Colour: No living material observed. Preserved specimens creamy orange in colour with faint reddish pigment in the posterior thorax ( Fig. 17C, D View Figure 17 ). Pigment strongest between chaetigers 5–7 but not as strong as other magelonid species in the MIWA region. However, the majority of material examined has been preserved for over 10 years, and personal observations have shown pigmentation in magelonids can fade within a similar time frame. Observation of live or freshly preserved specimens is needed to clarify whether this species has darker pigmentation. Many specimens have an orange tint ( Fig. 17A, B View Figure 17 ). Light dorsal speckles (glandular?) present between chaetigers 2–5 ( Fig. 16A, F, H View Figure 16 ), more obvious in stained specimens. Staining with methyl green ( Fig. 17F–H View Figure 17 ) shows a weak overall stain, with no distinct pattern.

Distribution: Collected from 23 stations in the Gulf of Guinea (from Sierra Leone in the north to northern Angola in the south, Fig. 1 View Figure 1 ), at depths of 8– 340 m.

Remarks: Of all the pigmented species in the MIWA region, Magelona mackiei differs from M. alleni , M. guineensis , M. nanseni and M. picta by possessing bidentate and not tridentate abdominal hooded hooks. As noted above, M. mackiei differs from M. fasciata in terms of prostomial shape, pigmentation patterns (although note fading of pigmentation) and the nature of the thoracic neuropodial lamellae. Although the two species share many similarities, they can be easily separated in samples by observing the neuropodial lamellae of chaetigers 1–3, being broad almost scoopshaped in M. fasciata and distinctly slender and pointed in M. mackiei .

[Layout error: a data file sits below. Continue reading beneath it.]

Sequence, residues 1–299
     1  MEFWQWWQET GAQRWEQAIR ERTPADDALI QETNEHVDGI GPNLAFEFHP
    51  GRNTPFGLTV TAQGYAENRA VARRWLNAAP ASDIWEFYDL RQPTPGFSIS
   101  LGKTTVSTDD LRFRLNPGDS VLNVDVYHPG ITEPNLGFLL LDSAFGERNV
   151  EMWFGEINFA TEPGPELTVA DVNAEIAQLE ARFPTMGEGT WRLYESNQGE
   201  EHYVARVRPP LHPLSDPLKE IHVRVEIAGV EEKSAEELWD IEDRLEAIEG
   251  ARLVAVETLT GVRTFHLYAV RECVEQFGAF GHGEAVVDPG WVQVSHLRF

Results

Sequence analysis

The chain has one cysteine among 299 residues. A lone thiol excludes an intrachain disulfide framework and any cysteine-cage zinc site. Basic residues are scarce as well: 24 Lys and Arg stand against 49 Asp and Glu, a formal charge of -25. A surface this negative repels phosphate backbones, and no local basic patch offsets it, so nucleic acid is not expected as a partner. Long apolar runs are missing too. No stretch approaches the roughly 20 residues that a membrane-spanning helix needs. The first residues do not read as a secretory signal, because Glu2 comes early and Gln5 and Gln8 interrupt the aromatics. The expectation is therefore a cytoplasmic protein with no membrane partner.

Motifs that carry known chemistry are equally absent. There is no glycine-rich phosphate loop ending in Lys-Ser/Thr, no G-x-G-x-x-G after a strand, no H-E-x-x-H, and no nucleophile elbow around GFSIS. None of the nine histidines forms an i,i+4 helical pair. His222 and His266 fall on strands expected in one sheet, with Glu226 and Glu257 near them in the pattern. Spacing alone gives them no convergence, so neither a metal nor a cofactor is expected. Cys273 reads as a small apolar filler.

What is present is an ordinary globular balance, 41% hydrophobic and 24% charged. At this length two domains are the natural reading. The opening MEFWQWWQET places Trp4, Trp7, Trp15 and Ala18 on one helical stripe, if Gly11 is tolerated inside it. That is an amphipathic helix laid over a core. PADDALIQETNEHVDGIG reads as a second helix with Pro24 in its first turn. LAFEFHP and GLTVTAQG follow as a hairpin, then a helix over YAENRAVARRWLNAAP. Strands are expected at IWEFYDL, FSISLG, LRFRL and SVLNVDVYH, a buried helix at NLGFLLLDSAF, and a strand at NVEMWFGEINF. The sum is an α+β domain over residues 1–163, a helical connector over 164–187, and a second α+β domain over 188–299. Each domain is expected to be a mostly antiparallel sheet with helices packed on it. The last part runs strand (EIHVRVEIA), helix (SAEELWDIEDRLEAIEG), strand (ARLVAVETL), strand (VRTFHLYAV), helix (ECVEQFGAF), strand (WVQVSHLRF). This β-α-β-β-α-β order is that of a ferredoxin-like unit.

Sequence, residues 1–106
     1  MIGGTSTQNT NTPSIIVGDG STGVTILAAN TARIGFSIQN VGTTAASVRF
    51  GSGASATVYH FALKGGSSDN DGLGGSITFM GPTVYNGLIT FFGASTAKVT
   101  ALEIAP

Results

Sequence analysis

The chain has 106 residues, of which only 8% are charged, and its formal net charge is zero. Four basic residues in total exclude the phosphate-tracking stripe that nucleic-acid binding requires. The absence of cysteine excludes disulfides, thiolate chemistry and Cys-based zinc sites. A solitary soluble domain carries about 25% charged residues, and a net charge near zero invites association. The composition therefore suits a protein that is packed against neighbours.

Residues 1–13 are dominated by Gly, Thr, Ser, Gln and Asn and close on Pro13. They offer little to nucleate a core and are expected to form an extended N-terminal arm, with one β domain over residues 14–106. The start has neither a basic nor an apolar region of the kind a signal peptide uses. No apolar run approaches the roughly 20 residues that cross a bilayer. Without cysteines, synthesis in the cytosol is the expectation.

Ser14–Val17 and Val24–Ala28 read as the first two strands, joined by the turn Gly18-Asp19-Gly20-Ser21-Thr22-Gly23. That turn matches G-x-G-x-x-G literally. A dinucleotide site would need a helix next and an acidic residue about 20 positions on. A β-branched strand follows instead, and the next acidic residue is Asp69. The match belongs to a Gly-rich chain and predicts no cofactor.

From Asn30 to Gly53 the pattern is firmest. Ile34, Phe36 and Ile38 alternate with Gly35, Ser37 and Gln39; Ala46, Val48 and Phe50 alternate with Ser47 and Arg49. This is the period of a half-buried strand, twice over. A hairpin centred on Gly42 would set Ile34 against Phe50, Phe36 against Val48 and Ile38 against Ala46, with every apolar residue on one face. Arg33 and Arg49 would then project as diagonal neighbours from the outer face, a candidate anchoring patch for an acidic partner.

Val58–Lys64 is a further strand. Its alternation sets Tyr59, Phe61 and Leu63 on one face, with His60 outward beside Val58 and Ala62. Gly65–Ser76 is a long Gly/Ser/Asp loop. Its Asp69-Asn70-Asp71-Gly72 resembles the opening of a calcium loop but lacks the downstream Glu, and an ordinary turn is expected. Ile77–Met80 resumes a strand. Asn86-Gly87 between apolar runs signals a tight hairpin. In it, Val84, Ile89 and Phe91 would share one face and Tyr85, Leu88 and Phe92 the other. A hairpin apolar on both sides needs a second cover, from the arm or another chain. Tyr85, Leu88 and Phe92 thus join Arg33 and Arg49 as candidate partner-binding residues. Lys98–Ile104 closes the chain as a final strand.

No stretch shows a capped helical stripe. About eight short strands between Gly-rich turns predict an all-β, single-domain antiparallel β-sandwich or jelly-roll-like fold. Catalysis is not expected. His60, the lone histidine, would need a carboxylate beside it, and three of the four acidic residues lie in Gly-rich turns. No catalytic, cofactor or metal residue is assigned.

Of the other magelonid species known to carry posterior thoracic pigmentation, M. mackiei differs from M. cincta , M. equilamellae , M. japonica , M. variolamellata , M. symmetrica and M. polydentata in the nature of the hooded hooks, which are bidentate as opposed to tridentate or polydentate. It further differs from M. symmetrica in possessing neuropodial lamellae in a distinctly ventral position, as opposed to a postchaetal position. The pigmentation of M. mackiei is noticeably faint in comparison to other MIWA magelonid material. Whilst it is unclear, at present, whether pigmentation is darker in live or freshly preserved specimens, M. symmetrica is a species in which pigmentation was similarly observed to be pale and sporadic, even in freshly preserved specimens ( Mortimer et al., 2012).